A trophy-laden career spanning 20 years, deals with global brands and the most-followed person on Instagram: Cristiano Ronaldo’s position at the top of SportsPro’s latest 50 Most Marketable (50MM) Athletes list will raise few eyebrows.
For all of Ronaldo’s achievements on the pitch, be it scooping five Ballon d’Ors or becoming the Uefa Champions League’s top goal scorer, the Portuguese soccer superstar has long carried equal weight off it.
Look no further than the 37-year-old’s high-profile return to Manchester United in the summer of 2021. Just an hour after news broke that he would once again be wearing the iconic number seven jersey, sales surpassed the best ever full day for the club’s official merchandise platform. Across the Fanatics network, Ronaldo also became the biggest merchandise-selling player ever in the 24 hours following a transfer to a new team, pipping the likes of Lionel Messi, Tom Brady and LeBron James – all of whom rank among the top names on this year’s 50MM list.
Of course, being able to flog shirts is not a universal currency for marketability. Developed in collaboration with NorthStar Solutions Group, the updated methodology that produced this year’s 50MM list blended a multitude of factors – from individual data analysis and advanced social media monitoring, to economic valuations and real-world consumer insights – to help paint a clearer picture of athlete marketability than ever before.
Yet, whatever the method used, certain things tend to stand out. In this case, it says a lot about Ronaldo’s profile that means he can make arguably the world’s biggest soccer club feel comparatively modest. Enduring worldwide popularity – his Instagram following alone totals more than 481 million – also speaks volumes.
As he enters the twilight of his career, it remains to be seen quite how long Ronaldo’s appeal will continue. That is a question for another day. For this year, he is joined in the 50MM top five by Serena Williams, Lewis Hamilton, James and Messi. Like ‘CR7’, each has a legitimate claim as the greatest of all time in their respective sport.
This list, however, is not reserved exclusively for ‘GOAT’ contenders. From rising stars to those championing social causes, the nature of what makes an athlete marketable continues to shift and evolve. As this year’s line-up demonstrates, there is ample to unravel and weigh up.
Age is just a number
The top five in this year’s 50MM list have one thing in common – they are all aged 35 or older. Messi, who ranked fifth having topped the list in 2020, is the youngest at 35 and Williams, in second, has bowed out of tennis at the age of 41.
Of the top ten, eight are in their 30s or above. Indian cricket ace Virat Kohli (seventh) and US Women’s National Soccer Team (USWNT) striker Alex Morgan (eighth) are both 33. National Football League (NFL) royalty Brady, in tenth, is the eldest statesman of the lot at 45.
The two twentysomethings in the top ten are four-time tennis Grand Slam winner Naomi Osaka (sixth) and Australian soccer captain Sam Kerr (ninth), aged 25 and 29 respectively. Cast your eye across the full standings and you will see that 46 per cent of the athletes are aged between 31 and 40.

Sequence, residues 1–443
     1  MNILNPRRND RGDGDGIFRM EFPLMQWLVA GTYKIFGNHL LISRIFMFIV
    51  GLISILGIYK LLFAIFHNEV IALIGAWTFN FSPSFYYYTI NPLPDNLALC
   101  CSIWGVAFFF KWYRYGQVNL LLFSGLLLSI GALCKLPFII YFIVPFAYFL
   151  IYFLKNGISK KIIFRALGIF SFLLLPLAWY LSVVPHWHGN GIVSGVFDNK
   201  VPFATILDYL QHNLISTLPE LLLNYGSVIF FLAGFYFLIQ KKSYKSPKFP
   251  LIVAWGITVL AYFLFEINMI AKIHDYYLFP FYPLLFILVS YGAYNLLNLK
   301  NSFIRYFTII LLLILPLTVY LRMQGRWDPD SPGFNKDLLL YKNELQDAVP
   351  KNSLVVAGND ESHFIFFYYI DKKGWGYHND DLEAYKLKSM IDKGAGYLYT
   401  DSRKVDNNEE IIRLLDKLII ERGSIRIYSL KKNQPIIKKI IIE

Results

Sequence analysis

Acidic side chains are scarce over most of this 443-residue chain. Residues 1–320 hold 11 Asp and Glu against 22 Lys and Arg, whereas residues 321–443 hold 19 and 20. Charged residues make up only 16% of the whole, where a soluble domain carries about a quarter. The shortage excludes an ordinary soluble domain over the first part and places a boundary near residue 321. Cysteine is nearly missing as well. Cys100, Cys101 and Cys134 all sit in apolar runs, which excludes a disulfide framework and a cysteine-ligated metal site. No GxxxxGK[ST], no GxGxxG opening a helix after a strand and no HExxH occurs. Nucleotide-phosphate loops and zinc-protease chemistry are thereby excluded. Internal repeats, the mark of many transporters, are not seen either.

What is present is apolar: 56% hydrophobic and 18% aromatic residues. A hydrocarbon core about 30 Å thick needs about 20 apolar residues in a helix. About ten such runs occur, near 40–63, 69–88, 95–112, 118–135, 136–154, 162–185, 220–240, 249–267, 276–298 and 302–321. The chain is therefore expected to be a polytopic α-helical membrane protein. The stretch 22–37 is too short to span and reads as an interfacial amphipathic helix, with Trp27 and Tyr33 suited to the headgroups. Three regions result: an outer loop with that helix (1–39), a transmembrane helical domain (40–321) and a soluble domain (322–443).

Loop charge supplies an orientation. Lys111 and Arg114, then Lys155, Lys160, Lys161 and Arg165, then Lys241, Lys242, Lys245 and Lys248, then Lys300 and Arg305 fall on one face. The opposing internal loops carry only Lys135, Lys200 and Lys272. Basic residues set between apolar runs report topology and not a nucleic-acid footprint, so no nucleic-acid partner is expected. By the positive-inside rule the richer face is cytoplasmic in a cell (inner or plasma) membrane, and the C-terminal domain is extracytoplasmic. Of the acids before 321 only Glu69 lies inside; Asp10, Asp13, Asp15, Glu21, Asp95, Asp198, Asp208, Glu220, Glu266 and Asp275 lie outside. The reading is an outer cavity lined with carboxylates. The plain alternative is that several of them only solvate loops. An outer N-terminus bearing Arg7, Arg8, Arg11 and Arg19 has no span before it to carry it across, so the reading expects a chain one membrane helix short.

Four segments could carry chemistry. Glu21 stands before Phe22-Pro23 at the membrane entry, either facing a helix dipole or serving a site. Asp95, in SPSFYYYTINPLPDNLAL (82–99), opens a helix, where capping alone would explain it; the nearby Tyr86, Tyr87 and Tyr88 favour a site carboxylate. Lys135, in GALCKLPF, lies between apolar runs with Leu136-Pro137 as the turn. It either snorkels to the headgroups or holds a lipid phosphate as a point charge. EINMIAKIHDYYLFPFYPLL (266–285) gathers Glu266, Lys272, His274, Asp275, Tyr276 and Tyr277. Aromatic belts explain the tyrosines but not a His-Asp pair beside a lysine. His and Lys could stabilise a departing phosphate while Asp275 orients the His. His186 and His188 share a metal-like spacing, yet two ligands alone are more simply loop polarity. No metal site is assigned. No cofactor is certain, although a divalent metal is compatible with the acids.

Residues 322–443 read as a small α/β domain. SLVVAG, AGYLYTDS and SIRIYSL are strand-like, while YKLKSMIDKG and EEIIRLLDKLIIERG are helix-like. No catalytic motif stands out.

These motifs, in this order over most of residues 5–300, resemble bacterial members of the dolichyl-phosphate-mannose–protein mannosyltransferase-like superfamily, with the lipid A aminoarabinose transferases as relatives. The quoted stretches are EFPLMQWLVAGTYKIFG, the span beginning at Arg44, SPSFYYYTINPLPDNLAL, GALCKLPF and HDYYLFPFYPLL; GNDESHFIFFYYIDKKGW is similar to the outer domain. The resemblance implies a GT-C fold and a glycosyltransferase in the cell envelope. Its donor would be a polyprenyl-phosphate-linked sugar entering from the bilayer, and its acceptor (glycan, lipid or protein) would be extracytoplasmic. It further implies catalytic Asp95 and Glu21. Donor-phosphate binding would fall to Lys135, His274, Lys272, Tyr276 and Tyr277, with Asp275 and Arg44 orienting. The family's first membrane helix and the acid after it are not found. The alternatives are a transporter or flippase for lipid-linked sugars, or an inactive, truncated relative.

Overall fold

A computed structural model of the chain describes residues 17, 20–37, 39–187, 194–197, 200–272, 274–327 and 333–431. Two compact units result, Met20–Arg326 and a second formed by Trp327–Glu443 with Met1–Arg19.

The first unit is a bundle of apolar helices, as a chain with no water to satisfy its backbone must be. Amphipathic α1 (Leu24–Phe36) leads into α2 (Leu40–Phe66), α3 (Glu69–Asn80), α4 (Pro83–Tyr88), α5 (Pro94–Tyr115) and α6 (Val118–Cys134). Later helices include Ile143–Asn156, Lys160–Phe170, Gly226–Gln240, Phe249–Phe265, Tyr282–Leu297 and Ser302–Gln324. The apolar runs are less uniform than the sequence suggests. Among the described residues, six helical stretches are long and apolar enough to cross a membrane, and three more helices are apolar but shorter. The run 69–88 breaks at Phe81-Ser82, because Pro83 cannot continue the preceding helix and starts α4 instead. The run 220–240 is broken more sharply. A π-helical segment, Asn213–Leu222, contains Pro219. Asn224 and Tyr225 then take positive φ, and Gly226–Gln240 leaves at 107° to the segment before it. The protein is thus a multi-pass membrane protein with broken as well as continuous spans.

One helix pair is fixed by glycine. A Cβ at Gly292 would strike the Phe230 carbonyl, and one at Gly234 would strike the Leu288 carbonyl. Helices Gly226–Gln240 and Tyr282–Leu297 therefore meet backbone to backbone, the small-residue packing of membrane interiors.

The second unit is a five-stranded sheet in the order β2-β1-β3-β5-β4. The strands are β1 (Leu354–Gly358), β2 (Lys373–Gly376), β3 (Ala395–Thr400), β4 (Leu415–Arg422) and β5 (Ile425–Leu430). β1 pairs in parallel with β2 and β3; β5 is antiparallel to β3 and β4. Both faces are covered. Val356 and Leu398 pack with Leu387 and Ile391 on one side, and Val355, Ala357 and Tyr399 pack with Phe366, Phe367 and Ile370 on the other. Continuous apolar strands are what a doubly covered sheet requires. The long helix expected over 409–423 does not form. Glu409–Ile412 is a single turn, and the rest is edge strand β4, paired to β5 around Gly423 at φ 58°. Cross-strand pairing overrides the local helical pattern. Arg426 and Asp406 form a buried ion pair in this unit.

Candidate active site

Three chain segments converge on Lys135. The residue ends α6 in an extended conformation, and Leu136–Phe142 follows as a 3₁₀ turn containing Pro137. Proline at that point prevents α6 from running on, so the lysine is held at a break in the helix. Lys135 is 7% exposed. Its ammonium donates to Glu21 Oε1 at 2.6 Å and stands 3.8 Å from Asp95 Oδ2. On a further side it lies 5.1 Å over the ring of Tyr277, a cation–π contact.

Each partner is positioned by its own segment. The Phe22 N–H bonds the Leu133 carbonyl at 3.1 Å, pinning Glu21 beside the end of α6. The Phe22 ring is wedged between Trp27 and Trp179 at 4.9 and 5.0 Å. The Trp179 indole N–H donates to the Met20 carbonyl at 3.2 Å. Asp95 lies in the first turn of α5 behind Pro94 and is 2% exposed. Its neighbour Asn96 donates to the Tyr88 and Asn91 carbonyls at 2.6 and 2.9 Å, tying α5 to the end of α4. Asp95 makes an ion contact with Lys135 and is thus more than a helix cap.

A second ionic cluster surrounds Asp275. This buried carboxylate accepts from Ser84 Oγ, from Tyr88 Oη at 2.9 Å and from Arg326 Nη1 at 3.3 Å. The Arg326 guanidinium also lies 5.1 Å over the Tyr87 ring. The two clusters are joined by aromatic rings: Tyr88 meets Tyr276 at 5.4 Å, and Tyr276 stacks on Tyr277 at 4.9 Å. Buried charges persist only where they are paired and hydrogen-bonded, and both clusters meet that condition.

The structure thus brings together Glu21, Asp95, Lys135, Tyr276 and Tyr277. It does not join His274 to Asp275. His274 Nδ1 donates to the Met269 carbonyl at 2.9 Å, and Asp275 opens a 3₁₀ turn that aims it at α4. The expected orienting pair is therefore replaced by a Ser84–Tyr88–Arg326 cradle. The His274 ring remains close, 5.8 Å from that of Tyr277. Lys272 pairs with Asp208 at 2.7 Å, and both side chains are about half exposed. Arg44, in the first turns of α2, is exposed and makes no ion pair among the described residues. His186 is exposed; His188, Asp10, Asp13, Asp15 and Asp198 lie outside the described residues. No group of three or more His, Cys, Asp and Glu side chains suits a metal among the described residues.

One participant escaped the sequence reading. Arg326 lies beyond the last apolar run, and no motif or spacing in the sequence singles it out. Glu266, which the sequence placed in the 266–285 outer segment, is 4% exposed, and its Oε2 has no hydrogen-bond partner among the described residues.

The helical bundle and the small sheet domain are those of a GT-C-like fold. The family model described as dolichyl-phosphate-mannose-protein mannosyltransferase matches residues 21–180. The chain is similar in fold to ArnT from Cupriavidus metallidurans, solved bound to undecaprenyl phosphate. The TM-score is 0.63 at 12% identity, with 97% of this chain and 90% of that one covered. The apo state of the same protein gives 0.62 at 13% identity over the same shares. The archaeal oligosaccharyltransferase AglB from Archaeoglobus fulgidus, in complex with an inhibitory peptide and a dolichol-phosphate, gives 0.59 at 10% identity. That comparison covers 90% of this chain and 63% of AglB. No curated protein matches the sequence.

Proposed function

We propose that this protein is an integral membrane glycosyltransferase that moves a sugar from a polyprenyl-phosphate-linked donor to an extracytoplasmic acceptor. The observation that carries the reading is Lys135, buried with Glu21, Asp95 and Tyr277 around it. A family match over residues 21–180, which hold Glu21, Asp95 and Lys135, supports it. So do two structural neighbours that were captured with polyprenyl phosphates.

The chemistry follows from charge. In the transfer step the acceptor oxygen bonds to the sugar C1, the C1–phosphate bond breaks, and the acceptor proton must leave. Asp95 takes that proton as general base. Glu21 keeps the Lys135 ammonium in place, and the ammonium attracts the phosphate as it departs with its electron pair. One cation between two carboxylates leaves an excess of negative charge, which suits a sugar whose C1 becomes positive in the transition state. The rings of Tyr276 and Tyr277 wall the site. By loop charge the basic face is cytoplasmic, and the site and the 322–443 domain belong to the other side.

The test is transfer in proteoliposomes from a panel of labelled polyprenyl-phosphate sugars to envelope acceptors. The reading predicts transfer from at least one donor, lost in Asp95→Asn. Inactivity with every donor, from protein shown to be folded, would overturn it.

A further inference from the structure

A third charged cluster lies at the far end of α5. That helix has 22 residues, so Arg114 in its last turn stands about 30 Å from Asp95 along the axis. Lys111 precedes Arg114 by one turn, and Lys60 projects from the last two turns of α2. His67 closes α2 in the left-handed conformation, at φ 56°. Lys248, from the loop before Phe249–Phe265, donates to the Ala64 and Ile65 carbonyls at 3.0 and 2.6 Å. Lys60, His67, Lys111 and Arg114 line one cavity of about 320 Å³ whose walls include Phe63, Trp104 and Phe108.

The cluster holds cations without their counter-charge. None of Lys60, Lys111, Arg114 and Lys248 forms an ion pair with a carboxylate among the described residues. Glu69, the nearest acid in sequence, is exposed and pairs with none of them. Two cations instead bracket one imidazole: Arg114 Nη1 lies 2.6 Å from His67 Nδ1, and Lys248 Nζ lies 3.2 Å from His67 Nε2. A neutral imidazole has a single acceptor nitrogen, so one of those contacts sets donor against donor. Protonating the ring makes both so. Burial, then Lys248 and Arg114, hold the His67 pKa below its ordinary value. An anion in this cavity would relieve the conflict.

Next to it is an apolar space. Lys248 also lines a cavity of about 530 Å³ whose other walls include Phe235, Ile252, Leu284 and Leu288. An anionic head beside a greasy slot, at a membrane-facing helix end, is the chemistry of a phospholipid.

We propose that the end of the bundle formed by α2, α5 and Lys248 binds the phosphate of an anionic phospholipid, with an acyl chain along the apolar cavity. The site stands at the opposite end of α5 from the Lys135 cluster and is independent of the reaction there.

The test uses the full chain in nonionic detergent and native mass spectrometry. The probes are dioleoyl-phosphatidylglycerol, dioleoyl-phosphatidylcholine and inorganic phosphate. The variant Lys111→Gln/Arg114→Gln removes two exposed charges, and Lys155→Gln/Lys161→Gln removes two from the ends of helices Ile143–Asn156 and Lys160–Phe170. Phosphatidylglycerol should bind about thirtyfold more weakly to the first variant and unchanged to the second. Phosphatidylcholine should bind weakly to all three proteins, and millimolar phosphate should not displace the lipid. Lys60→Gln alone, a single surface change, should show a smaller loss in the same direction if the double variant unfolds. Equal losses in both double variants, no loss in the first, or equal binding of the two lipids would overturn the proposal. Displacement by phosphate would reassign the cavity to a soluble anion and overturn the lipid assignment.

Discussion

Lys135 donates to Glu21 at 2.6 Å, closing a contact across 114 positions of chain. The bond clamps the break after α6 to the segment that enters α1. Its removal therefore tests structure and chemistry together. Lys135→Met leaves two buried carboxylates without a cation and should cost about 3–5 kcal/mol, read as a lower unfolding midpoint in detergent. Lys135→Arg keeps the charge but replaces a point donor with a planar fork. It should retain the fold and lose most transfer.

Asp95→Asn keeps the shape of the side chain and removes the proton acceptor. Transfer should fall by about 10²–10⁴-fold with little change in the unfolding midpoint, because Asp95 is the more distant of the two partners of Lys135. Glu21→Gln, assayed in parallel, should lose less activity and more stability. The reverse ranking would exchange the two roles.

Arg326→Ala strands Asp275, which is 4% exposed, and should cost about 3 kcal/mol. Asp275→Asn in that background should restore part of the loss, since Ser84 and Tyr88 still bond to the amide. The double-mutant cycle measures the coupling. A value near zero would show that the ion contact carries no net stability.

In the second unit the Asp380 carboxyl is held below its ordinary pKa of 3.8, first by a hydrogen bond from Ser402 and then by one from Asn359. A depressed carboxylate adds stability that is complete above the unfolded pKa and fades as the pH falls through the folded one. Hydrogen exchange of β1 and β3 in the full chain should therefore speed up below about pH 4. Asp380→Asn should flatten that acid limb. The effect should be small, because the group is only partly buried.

Generally speaking, an athlete is expected to be at the peak of their competitive powers in their 20s. Marketability, on the other hand, seems to have far more longevity – in fact, five of this year’s top ten also featured in the top ten when SportsPro first ranked the world’s most marketable athletes back in 2010.
Ronaldo boasts partnerships with heavyweight companies such as Nike, Altice, Herbalife, Therabody and Unilever-owned Clear. Household names such as Adidas, Mercedes-Benz and Coca-Cola also have long-term tie-ups with other athletes in the top ten. Put simply, even if their on-field prowess may be waning, ageing stars remain vital to their commercial partners, providing a reliability and authority their fresher contemporaries cannot compete with.
That said, it is not all doom and gloom for the young pretenders. Of the 50MM, 32 per cent are aged between 18 and 25, suggesting there are plenty of athletes ready to take up the baton.
Risk vs Reward
Whether its reach or influence, commercial partners would like to think they know what they are getting when linking up with any well-known athlete. Negative press, though, would not be one of them.
It is delusional to assume any sportsperson is faultless, but that has not stopped brands getting caught up in various fallouts.
Novak Djokovic, 46th in the list, split tennis fans and dominated the front pages due to his Covid-19 vaccination stance. That cost the Serb his spot at the Australian Open and US Open, not to mention a sponsorship deal with Peugeot.
Real Madrid striker Karim Benzema (32nd) was found guilty in October 2021 of conspiring to blackmail fellow French soccer player Mathieu Valbuena with a sex tape, an episode which saw him handed a one-year suspended jail term and a €75,000 (US$73,400) fine. Benzema’s lawyers said they would appeal his conviction.
Messi, meanwhile, was found guilty of tax evasion in 2016. Some felt Ronaldo’s reputation was irreparably damaged because of a rape allegation lawsuit, which was dismissed by a US judge this June. The latter incident also applied to Messi’s Paris Saint-Germain teammate Neymar (17th), whose investigation was dropped due to insufficient evidence.
Without wanting to pick apart every entry, the above tells us that athletes are not infallible. Some, though, have fronted up to other struggles.
Osaka has been open about dealing with depression and anxiety, which has resonated with people and, if anything, made her more appealing to brands. Simone Biles, the most decorated gymnast in history and 11th in the ranking, withdrew from several events at the Tokyo 2020 Olympics over concerns for her mental health, a move widely praised.
Brand marketers still want athletes to be the complete package. But they also now need to recognise that what sportsmen and women embody goes beyond the field of play.
Champions for change
Authenticity and marketability go hand in hand. Athletes have long acted as role models for those trying to create positive change across society, so it is little surprise that this year’s 50MM list is stacked with names throwing their weight behind social causes.